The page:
Donald Trump selected avowed racist as one of his delegates

White Nationalist William Johnson’s signed a pledge form as a California delegate for Donald Trump and the billionaire’s campaign selected the head of the American Freedom Party to run for a seat at the Republican nominating convention.

California’s secretary of state published a list of delegates chosen by the Trump campaign for the upcoming Republican presidential primary in the state and his slate includes Johnson, one of the country’s most prominent white nationalists.

The move sparked angry reactions.

“Donald Trump has elevated hateful rhetoric against women, people with special needs, and minorities throughout his campaign,” said California Assembly Speaker Anthony Rendon. “The fact that he is blaming his inclusion of a white nationalist as one of his delegates on a ‘database error’ does not erase his previous record of hate-mongering.”

The American Freedom Party has never elected a candidate and has only a few thousand members, but it is “arguably the most important white nationalist group in the country,” according to Mark Potok, a senior fellow for the Southern Poverty Law Center (SPLC), which tracks hate groups.

Johnson is a corporate lawyer who raises chickens on a 67-acre ranch in a Los Angeles suburb and published a 1985 book calling for the repeal of the 14th and 15th Amendments and the deportation of all nonwhites.

Johnson learned that he had been selected by Trump in an email sent to him by the campaign’s California delegate coordinator, Katie Lagomarsino.

“I just hope to show how I can be mainstream and have these views,” Johnson told Mother Jones. “I can be a white nationalist and be a strong supporter of Donald Trump and be a good example to everybody.”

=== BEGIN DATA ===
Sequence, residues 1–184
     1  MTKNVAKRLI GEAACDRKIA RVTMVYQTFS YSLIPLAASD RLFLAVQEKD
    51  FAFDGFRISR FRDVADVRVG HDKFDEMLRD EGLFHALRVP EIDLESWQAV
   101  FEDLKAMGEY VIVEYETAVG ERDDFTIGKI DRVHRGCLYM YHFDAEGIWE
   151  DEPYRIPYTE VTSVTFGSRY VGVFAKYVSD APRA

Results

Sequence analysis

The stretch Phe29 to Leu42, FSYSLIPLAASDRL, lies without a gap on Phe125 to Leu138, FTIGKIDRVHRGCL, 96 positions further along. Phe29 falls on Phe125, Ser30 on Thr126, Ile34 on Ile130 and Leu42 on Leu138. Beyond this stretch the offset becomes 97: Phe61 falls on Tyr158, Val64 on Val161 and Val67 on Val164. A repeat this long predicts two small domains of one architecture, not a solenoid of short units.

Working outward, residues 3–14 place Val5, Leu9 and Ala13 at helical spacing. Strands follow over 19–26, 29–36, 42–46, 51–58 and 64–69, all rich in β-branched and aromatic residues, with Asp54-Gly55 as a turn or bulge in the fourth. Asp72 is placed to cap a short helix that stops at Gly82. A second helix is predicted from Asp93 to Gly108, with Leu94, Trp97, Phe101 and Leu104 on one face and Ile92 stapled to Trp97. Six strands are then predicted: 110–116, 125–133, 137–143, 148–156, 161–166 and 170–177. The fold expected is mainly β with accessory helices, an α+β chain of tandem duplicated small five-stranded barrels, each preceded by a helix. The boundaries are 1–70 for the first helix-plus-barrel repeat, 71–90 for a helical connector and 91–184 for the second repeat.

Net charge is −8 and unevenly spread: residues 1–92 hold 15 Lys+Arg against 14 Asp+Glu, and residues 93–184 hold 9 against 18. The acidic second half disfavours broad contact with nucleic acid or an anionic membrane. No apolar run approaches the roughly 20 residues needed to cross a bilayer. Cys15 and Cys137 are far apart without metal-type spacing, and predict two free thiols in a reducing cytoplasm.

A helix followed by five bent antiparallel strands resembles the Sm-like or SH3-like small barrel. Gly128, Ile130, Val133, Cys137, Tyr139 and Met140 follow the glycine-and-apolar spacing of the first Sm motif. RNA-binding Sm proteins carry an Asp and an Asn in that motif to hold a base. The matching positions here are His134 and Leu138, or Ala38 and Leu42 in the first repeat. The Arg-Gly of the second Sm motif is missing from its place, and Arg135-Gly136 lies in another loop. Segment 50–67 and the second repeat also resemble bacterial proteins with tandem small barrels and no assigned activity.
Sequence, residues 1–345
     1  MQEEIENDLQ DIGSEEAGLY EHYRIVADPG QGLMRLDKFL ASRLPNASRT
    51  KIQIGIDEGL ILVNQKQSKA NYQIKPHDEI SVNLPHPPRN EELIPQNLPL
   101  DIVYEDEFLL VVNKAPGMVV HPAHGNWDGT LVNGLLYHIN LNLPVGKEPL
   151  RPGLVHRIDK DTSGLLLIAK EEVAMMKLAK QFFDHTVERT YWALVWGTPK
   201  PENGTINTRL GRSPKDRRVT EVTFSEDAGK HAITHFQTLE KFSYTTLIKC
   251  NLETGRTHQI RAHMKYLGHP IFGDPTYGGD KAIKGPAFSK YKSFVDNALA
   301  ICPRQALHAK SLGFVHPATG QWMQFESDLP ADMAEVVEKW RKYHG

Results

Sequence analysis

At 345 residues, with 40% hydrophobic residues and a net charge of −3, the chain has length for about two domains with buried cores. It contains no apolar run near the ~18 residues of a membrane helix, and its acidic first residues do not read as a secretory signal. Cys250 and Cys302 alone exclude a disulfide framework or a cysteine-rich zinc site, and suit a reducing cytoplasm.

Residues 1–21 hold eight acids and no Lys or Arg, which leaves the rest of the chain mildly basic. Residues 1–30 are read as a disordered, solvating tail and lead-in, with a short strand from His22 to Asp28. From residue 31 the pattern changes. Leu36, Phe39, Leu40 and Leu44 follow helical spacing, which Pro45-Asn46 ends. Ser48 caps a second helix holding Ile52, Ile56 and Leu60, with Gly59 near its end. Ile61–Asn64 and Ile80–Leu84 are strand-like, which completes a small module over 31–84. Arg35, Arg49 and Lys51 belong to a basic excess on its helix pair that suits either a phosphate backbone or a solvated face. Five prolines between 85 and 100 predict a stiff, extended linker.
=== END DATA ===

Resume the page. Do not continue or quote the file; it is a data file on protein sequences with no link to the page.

Johnson said that his application to be a Trump delegate at the 2016 Republican National Convention, he disclosed details about his background and activism, though he did not specifically use the term “white nationalist.”

Johnson has gained notice during the presidential primary for funding pro-Trump robocalls that convey a racist message.

“The white race is dying out in America and Europe because we are afraid to be called ‘racist,'” Johnson said in one call broadcast to residential phones in Vermont and Minnesota. “Donald Trump is not racist, but Donald Trump is not afraid. Don’t vote for a Cuban. Vote for Donald Trump.”

Several times in the campaign, Trump has failed to repudiate racist support, such as his endorsement by former Ku Klux Klan leader David Duke in August last year.

Last July, Trump tweeted a photo of himself looking stoic against a backdrop of an American flag and marching soldiers dressed as Nazi World War II-era Waffen-SS infantry.

Trump has retweeted white supremacist Twitter accounts such as @WhiteGenocideTM and @EustaceFash, which a campaign spokesperson explained by arguing that the candidate pays no attention to who’s remarks he is copying, but only to the content.

Potok says Trump has “legitimized and mainstreamed hate” in ways America has not seen since the days of George Wallace.

Jeremy Scahill said on Bill Maher’s Real Time show on Friday that Trump’s ascendance to the top of the Republican Party, “has whiffs of how Hitler rose to power.”

Scahill said that Trump’s anti-Mexican and anti-Muslim rhetoric gave voice to what he called “a significant minority of the population,” which caused it to feel emboldened enough to openly espouse their own bigoted beliefs.

“Trump has brought to the public the fact that we have a real strain of fascism in this country,” he told Maher.

The list of Republican leaders electing not to attend Donald Trump’s coronation at the national convention in Cleveland includes nearly all the party’s past presidents and nominees. At least nine GOP members of Congress have declared that they will not support Trump.




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